Information

Tied pubs - Scottish Pubs Code - part 2: consultation

This consultation seeks views on our proposals on the Scottish Pubs Code for tied pubs and on financial penalties and on fees and expenses for arbitration.


Chapter 2: Proposals on the code

Policy approach

11. In terms of policy aims, the Scottish Government is intervening here to re-balance the relationship between landlords and tenants. The code should be fair for both parties and it should be straight-forward, unambiguous and easy to use/follow, without unnecessary process.

12. In drawing up policy proposals, the voluntary code of practice in Scotland, together with the England and Wales' Pubs Code have been considered. It should be noted that many of the proposals put forward here are already in the voluntary code, but putting them on a statutory footing will bring them within the remit of the Adjudicator, giving certain enforcement rights to tied-pub tenants.

13. We are proposing to keep the requirements for the Scottish Pubs Code focused, proportionate and high level, to concentrate on issues where legislation is necessary or can deliver real benefits. A proportionate approach seeks to reduce the impact on smaller pub-owning businesses, recognising that the Tied Pubs (Scotland) Act 2021 provides for the code to apply to all tied pub-owning businesses.

14. The draft parts of the Scottish Pubs Code on which we are consulting are at Annex A.

Information and advice to new and renewing tenants

15. There are points in the tenancy cycle where the code could provide further clarity about what is expected of pub-owning businesses and this would allow tenants to be able to make an assessment of returns, risks and rewards (the regulatory principles 2 and 3). The first point is when new tenants enter into a tied pub lease or existing tenants renew their lease (the draft regulations at Annex A use the term "prospective tenants" to refer to both new and renewing tenants).

16. To assist tenants in their assessment of the risks and rewards of tenancy, it is proposed that pub-owning businesses advise tenants to undertake pre-entry training as well as provide information about how they can undertake such training before they enter any lease. We have listened to industry representatives and propose an exemption for experienced tenants.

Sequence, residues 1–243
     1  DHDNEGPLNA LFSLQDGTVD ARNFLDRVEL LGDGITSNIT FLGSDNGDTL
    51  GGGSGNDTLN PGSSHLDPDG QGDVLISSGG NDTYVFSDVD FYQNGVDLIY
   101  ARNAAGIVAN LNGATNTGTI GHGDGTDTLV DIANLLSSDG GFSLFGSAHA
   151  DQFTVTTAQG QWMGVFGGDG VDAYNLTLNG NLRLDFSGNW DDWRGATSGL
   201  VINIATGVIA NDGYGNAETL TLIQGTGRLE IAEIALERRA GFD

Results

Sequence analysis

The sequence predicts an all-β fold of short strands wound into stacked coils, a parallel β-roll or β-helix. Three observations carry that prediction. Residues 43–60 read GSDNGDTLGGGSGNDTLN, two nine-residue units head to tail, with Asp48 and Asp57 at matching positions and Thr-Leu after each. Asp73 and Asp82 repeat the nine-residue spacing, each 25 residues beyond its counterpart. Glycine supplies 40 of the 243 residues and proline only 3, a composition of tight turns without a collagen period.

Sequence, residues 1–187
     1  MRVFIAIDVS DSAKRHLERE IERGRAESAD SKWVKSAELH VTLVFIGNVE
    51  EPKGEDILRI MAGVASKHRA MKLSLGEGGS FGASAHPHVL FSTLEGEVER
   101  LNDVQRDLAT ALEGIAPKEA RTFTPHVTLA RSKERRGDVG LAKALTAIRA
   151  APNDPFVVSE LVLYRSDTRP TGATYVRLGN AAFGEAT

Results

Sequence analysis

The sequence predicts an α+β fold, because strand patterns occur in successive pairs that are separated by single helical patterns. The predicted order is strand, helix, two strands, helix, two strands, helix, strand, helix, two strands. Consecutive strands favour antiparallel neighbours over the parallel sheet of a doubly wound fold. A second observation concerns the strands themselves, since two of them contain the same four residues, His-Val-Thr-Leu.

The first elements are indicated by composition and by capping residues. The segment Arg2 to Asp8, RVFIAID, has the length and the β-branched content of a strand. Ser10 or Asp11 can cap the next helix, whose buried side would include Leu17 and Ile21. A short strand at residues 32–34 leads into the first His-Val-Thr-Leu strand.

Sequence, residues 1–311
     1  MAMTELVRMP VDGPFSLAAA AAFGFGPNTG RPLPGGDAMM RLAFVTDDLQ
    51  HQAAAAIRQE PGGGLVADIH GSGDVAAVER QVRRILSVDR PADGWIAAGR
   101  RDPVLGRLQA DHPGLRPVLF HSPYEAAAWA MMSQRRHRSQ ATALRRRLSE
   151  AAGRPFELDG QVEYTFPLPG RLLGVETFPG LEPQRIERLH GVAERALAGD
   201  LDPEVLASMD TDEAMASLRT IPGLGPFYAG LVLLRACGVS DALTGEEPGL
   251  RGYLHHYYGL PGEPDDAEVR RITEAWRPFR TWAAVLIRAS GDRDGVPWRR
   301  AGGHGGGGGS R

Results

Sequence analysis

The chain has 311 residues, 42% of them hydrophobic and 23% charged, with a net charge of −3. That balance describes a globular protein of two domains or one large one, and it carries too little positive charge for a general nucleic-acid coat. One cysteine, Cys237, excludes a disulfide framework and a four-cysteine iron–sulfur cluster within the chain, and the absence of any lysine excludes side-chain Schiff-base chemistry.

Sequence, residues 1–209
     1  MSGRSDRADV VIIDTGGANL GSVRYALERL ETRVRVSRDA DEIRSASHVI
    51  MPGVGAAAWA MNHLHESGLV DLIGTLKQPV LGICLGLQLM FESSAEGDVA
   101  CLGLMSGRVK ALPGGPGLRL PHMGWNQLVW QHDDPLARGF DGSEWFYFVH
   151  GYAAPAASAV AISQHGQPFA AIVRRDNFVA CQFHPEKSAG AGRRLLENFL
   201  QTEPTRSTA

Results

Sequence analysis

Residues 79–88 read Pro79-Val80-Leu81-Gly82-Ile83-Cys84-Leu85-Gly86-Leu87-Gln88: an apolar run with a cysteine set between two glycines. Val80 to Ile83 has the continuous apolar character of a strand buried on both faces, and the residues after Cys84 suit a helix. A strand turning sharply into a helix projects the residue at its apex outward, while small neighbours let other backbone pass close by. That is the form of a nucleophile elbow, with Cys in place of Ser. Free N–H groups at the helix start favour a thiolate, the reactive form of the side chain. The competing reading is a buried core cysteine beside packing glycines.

Question 1: Should pub-owning businesses be required to provide information about pre-entry training to tenants?

  • Yes
  • No
  • Don't know

Please provide any comments

17. A business plan is another key way of assessing whether a pub operated under the lease being offered to the tenant will be a viable business that fairly shares the risks and rewards amongst the parties, fulfilling the third principle. We propose that pub-owning businesses should be required to advise prospective tenants to prepare a business plan based on independent advice, provide information on sources of independent advice, ask to see any business plan prepared by the tenant and take that business plan into account when negotiating a lease. Previous Scottish Government research on the pub sector in Scotland has indicated that tenants who took independent financial or legal advice before purchase found the information useful.

Question 2: To what extent do you agree or disagree that the code should require pub-owning businesses to do the following activities in relation to the tenant's business plan?

Activity

Advise tenants to seek appropriate advice to develop a suitable business plan

  • Strongly agree
  • Tend to agree
  • Neither agree or disagree
  • Tend to disagree
  • Strongly disagree
  • Don’t know

Provide tenants with information on sources of independent advice

  • Strongly agree
  • Tend to agree
  • Neither agree or disagree
  • Tend to disagree
  • Strongly disagree
  • Don’t know

Ask to see any business plan prepared by the tenant

  • Strongly agree
  • Tend to agree
  • Neither agree or disagree
  • Tend to disagree
  • Strongly disagree
  • Don’t know

Take into account the tenant’s business plan when negotiating the lease

  • Strongly agree
  • Tend to agree
  • Neither agree or disagree
  • Tend to disagree
  • Strongly disagree
  • Don’t know

Please provide any comments

18. Before a tenant enters into a new or renewed lease, or develops a business plan, the pub-owning business should make available certain information, to ensure fair and lawful dealing and also to enable tied pub tenants to make an assessment in relation to second and third regulatory principles (not worse off than if they weren't subject to a tie; and a fair share of risk and rewards between the parties).

19. We have prioritised the information that tenants should receive, recognising that new tenants can find the volume of information given to them at the outset a challenge. This does not prevent pub-owning businesses from routinely providing more information, if they wish to do so.

20. We are proposing that all new tenants and renewing tenants should be given the following information:

  • A copy of the draft lease.
  • A rent assessment statement.
  • Information about:
    • The costs of running the pub, e.g. business rates, fees, service rates and other costs.
    • Any publicly available reports providing benchmarks or information on the cost of running tied pubs.